Golden Gate Expo mural flying high 

Island during the 1939 Golden Gate International Exposition and later hung in the Ferry Building is a “big-ticket” item at a national museum exhibit in Washington, D.C., this fall.

“Native Means of Transportation in the Pacific Area” was painted by Miguel Covarrubias, who’s known for his caricatures that defined The New Yorker and Vanity Fair covers during the first half of the 19th century.

It’s an abstract, aerial snapshot of the world with travelers rowing canoes, flying a seaplane and riding bareback on cattle among other mobile vestiges relevant to the time.

And it’s appearing again at the National Building Museum’s “Designing Tomorrow: America’s World’s Fairs of the 1930s,” starting Oct. 2, for the first time since it was taken down from the Ferry Building during construction in 2000.

“It’s one of the big-ticket items, one of our main attractions,” museum spokeswoman Tara Miller said.

The 15-by-24-foot mural will be displayed among more than 200 other items from fairs in Chicago, San Diego, Cleveland and Dallas.

Other Golden Gate International Exposition artifacts include prominent architect Bernard Maybeck’s original drawings of the fair and an aerial snapshot of when it was under construction.

The fair took place during the Great Depression, but tens of millions flocked from around the world to visit.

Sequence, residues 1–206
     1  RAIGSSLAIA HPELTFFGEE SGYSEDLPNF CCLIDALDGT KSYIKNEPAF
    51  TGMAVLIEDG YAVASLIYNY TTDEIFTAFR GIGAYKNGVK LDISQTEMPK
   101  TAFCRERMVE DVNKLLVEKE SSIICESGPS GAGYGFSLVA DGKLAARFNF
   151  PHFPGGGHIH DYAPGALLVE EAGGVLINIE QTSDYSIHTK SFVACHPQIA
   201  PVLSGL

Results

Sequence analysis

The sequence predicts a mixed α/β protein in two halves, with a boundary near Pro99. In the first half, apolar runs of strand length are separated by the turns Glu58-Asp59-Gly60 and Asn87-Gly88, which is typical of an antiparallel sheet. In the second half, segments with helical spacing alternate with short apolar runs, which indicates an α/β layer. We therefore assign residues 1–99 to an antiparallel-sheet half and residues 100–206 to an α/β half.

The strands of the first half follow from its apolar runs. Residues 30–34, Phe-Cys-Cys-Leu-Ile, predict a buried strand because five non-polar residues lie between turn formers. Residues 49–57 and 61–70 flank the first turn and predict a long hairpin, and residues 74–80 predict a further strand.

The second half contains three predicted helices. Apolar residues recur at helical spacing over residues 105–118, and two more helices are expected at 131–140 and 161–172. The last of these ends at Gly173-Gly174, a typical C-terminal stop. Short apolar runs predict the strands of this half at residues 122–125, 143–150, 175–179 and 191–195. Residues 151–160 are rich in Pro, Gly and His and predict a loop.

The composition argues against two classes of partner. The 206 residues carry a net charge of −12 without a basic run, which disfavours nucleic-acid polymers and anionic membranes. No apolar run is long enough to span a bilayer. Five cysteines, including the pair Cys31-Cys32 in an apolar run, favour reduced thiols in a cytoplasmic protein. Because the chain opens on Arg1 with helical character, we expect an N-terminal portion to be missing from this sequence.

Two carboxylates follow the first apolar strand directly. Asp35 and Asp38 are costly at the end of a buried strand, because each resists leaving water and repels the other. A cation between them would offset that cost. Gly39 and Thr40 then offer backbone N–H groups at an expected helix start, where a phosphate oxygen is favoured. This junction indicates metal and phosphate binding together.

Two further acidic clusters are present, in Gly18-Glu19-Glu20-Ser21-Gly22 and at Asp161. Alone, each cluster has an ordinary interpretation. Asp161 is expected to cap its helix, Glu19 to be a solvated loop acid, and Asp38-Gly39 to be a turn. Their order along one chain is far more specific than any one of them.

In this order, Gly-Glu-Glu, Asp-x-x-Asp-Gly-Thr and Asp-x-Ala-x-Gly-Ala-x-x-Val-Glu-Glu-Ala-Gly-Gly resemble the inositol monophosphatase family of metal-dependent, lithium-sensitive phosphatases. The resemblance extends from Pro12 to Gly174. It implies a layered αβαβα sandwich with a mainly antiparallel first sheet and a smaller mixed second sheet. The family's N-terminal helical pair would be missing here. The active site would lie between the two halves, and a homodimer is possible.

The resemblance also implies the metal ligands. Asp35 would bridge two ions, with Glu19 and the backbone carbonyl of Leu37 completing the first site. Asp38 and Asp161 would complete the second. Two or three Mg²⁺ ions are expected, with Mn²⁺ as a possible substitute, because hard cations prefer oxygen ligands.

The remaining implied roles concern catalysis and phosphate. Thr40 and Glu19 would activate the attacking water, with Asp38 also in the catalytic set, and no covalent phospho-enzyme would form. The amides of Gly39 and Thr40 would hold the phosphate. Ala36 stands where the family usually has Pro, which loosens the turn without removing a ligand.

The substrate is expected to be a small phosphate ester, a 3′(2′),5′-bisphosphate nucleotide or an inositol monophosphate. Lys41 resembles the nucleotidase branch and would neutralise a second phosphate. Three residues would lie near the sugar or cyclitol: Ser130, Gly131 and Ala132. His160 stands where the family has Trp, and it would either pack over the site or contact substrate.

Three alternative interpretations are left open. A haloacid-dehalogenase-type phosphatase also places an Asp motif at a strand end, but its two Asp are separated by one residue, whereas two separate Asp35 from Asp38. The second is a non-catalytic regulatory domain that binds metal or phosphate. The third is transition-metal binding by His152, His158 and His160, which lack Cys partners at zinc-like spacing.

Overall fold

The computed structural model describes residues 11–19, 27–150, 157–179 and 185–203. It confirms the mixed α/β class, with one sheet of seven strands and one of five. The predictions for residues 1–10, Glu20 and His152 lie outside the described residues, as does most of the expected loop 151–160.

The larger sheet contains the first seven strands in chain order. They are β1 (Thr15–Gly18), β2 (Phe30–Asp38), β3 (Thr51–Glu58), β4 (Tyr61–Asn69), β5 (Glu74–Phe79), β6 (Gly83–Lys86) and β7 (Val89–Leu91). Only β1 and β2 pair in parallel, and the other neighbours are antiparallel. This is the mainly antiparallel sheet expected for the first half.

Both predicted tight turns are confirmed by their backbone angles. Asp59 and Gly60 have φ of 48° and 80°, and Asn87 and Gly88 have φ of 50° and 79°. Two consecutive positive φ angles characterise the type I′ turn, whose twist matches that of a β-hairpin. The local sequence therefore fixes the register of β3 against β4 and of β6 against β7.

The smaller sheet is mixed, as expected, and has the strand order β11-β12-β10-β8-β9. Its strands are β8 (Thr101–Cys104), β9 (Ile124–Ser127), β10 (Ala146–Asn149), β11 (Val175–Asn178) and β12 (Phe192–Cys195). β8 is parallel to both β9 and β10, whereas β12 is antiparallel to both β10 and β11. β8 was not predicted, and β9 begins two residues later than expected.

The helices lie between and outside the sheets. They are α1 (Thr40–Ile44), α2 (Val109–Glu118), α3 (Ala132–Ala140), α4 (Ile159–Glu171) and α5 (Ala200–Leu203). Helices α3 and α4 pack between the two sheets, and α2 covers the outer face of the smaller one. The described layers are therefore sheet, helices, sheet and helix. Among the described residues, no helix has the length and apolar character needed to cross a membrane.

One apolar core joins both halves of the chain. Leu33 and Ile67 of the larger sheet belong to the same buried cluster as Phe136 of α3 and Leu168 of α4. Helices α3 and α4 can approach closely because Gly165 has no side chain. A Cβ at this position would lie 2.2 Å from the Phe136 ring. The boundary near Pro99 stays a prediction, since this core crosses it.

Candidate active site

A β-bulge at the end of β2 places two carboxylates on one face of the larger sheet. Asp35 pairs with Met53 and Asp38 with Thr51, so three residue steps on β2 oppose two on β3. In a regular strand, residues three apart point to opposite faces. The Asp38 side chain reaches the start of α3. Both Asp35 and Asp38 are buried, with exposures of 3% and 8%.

Covarrubias’ piece is one among a series of six titled “Pageant of the Pacific,” and it was hand-picked by the museum’s curators because it’s a visual example of transportation methods during that time, according to the island’s operating director.

“It’s a piece of traveling art,” said Mirian Saez, Treasure Island operating director. “It speaks to how well people love to look into the past and see what kinds of great things came from world fairs.”

Among Covarrubias’ murals, three are on display in San Jose’s City Hall, one is in the de Young Museum in Golden Gate Park and the last “disappeared” in the 1950s.

“It was sent to a museum in New York and never came back,” Saez said.

IF YOU GO

Designing Tomorrow: America’s World’s Fairs of the 1930s

Where: National Building Museum, Washington, D.C.
When: Oct. 2 to July 10
Featured exhibit: Miguel Covarrubias’ “Native Means of Transportation in the Pacific Area”

Source: National Building Museum

kkelkar@sfexaminer.com

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Kamala Kelkar

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Monday, Sep 15, 2014

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